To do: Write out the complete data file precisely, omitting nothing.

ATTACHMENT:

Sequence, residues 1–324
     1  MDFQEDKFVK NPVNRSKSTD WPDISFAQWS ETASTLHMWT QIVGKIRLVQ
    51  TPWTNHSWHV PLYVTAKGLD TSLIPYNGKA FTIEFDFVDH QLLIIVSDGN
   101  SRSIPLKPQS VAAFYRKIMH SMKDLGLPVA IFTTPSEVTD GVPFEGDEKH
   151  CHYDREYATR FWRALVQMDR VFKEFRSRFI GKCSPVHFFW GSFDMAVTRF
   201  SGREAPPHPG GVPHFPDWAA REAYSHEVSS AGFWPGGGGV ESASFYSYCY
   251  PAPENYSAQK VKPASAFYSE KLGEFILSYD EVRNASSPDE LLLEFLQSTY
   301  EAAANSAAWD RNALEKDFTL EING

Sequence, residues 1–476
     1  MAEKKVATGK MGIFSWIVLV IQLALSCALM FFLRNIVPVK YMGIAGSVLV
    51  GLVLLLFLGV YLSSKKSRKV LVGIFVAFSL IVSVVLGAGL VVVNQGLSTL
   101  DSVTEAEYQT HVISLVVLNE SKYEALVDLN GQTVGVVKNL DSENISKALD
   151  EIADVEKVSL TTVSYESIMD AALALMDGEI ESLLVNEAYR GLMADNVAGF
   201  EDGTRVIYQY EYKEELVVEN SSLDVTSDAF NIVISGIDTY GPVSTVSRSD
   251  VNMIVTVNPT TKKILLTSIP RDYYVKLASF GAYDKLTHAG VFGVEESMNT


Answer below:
Sequence, residues 1–324
     1  MDFQEDKFVK NPVNRSKSTD WPDISFAQWS ETASTLHMWT QIVGKIRLVQ
    51  TPWTNHSWHV PLYVTAKGLD TSLIPYNGKA FTIEFDFVDH QLLIIVSDGN
   101  SRSIPLKPQS VAAFYRKIMH SMKDLGLPVA IFTTPSEVTD GVPFEGDEKH
   151  CHYDREYATR FWRALVQMDR VFKEFRSRFI GKCSPVHFFW GSFDMAVTRF
   201  SGREAPPHPG GVPHFPDWAA REAYSHEVSS AGFWPGGGGV ESASFYSYCY
   251  PAPENYSAQK VKPASAFYSE KLGEFILSYD EVRNASSPDE LLLEFLQSTY
   301  EAAANSAAWD RNALEKDFTL EING

Sequence, residues 1–476
     1  MAEKKVATGK MGIFSWIVLV IQLALSCALM FFLRNIVPVK YMGIAGSVLV
    51  GLVLLLFLGV YLSSKKSRKV LVGIFVAFSL IVSVVLGAGL VVVNQGLSTL
   101  DSVTEAEYQT HVISLVVLNE SKYEALVDLN GQTVGVVKNL DSENISKALD
   151  EIADVEKVSL TTVSYESIMD AALALMDGEI ESLLVNEAYR GLMADNVAGF
   201  EDGTRVIYQY EYKEELVVEN SSLDVTSDAF NIVISGIDTY GPVSTVSRSD
   251  VNMIVTVNPT TKKILLTSIP RDYYVKLASF GAYDKLTHAG VFGVEESMNT